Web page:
Just as we do so, why should we not bring the material that is mankind and its nature to the artificial environment that is the theatrical stage (with its costumes, its makeup, its dances, its songs and other such artifices), and subject it to experiments such as the stimulation of bhaavas,of feelings and emotions? Further (as we do with physical objects and substances) why should we not probe, filter, distil and collect these bhaavas, test them for their attributes and qualities, and study them for their properties and tendencies? Why should we not thus seek to discern and construe relationships between them so as to make freshly felt rasas, fresh new feelings and emotions? Why should we not, by such means, strive to discover mankind’s inner nature and thereby strengthen and nurture our inner beings and selves? Even as our scientific understanding and technological prowess increases and our material wealth grows, should not our spiritual riches also grow and flourish?  

What is the proportion of a Duryodhanaa in our natures, what that of a Shakuni, and what that of a Karna? Under what circumstances does a coming together of these three tendencies not cause a transformation of our inner nature itself — and lead to disaster? And under what circumstances does their coming together not cause such a disastrous transformation? How much do we have of a Gandhi in us, and how much of a Jinnah? When does love turn into hatred? When does intolerance turn into friendship?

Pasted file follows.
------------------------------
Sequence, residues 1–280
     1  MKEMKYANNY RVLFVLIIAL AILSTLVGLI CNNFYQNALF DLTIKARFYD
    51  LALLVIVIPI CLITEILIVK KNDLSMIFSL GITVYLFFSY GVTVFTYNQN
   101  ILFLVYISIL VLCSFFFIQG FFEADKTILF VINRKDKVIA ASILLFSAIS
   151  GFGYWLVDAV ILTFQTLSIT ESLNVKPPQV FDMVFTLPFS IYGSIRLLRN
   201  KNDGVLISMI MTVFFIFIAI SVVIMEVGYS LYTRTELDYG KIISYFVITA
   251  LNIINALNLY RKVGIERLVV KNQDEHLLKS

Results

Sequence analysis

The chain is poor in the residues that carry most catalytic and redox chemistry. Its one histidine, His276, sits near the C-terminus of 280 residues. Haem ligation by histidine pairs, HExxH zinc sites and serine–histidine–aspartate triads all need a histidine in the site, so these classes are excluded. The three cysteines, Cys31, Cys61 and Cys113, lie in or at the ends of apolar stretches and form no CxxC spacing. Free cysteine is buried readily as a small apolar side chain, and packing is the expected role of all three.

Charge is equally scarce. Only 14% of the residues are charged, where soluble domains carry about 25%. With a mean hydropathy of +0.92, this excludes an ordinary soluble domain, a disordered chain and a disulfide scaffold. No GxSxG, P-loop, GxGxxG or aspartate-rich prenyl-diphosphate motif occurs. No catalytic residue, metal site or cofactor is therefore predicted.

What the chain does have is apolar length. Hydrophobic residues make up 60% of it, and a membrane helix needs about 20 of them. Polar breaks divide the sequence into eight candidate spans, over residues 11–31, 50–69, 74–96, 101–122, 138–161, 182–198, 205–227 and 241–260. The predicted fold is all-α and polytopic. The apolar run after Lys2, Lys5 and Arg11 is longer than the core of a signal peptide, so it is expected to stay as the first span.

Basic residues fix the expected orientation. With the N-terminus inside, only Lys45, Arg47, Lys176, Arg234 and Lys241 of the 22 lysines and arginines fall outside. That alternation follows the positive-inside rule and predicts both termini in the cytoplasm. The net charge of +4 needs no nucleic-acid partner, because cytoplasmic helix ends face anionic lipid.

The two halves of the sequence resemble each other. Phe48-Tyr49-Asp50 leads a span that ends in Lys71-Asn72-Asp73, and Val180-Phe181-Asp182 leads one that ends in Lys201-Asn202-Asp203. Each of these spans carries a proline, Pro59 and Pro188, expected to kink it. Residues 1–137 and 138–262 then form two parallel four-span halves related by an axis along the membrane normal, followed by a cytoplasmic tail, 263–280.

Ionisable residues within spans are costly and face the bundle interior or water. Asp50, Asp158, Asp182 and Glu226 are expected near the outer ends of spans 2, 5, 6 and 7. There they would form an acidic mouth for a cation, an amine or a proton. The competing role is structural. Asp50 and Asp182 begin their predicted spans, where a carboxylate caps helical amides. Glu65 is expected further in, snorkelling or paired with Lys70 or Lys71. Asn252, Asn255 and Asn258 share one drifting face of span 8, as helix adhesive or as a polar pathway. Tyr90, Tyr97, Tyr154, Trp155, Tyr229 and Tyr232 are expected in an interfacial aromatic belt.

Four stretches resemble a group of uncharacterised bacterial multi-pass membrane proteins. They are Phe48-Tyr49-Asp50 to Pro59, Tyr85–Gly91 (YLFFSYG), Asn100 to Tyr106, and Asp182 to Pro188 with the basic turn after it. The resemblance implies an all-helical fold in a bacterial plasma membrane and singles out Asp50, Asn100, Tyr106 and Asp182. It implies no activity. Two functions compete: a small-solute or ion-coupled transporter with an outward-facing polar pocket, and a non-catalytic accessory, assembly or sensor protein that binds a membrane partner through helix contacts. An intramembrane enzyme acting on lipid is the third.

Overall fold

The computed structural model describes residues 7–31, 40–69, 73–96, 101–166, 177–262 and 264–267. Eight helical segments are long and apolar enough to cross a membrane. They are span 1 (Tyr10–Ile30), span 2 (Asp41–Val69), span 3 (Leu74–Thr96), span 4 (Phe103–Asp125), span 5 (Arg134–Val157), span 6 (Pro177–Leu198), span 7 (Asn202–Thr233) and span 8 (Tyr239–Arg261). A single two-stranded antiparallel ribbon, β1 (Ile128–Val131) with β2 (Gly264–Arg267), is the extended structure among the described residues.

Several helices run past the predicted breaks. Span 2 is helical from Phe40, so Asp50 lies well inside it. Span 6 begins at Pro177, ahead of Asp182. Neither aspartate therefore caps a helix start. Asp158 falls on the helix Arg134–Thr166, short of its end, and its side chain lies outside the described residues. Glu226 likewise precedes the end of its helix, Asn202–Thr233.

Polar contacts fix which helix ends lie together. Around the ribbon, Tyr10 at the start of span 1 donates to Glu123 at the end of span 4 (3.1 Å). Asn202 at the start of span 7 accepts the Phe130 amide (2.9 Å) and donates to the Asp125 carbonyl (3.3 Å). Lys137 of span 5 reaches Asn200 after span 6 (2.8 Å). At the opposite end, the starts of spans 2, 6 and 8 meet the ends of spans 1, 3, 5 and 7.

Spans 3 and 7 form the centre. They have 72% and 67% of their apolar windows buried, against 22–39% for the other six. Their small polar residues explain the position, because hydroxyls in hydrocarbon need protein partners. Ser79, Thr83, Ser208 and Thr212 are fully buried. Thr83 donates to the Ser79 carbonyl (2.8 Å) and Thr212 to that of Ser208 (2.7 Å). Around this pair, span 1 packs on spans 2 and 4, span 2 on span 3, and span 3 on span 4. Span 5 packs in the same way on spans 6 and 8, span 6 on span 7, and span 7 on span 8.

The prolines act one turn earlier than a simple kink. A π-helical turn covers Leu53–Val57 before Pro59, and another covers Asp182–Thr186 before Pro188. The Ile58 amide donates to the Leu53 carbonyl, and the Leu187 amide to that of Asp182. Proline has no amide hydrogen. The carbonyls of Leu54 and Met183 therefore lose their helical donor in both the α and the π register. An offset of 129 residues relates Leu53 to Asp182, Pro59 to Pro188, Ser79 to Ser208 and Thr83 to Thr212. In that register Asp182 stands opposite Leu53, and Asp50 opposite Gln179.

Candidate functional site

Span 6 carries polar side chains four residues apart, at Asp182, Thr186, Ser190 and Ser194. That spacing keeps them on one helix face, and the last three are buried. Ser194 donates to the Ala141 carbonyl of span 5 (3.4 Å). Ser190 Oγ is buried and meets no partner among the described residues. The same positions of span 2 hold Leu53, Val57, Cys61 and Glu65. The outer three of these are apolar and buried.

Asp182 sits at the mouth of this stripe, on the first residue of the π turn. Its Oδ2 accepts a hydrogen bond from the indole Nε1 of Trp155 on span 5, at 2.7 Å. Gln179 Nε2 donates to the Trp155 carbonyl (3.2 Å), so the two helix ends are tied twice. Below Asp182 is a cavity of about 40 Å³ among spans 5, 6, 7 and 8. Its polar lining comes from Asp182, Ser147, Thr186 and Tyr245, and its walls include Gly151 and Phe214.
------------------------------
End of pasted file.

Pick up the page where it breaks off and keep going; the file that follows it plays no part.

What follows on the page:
And then, what is the essence of the varna system? At one time, this system served us well, and helped us develop and evolve. Why is that same system ineffective now, and in disarray? What bhaavaamshas, what elements (or types) of temperament have made their home in a jeevaatma born in the womb of a certain varna that distinguish it from a jeevaatma born in the womb of any of the other varnas? What is the extent to which these bhaavaamshas, these elements (or types) of temperament, have made their home there?  Then again, what is the essence of these differences, and what is the rationale behind them? Under what circumstances can there be a positive transformation in the differing temperaments of any two of these human groupings so that there is a pleasant and congenial relationship between them?

We see that qualities like humility, respectfulness, devotion, and dedication are disappearing from human behaviour, day by day. Are these qualities worth preserving and nurturing, or not? If they are, by what means can we preserve and nurture them? What are those changes that we need to make in our Dharmashaastra, our constitution of social laws and codes of behaviour, so that it adjusts itself to the new state of our society, and serves the cause of our welfare?

Why should not hundreds of questions like these be asked and the answers to them sought before they are discussed in our public bodies and then, and only then, our legislation made appropriately? Why should not the issues they raise be explored on stage in the form of dramatis personae created by our poets, and seen by these public bodies and associations? The very idea of it fascinates me.

If every school and college in our society had its own theatre, many problems that now trouble our teachers and students would perhaps be solved. Students would then probably find their schooling and their college studies more interesting. Passions such as socialism and communism (which attract our students greatly today), and the piteous cry of their parents and teachers (‘our children are going astray!’), these passions and these piteous cries would then be able to meet face to face in the form of dramatis personae that are steeped in and personify those very passions and worries and a resolution between them brought about on stage. Why should that not be possible?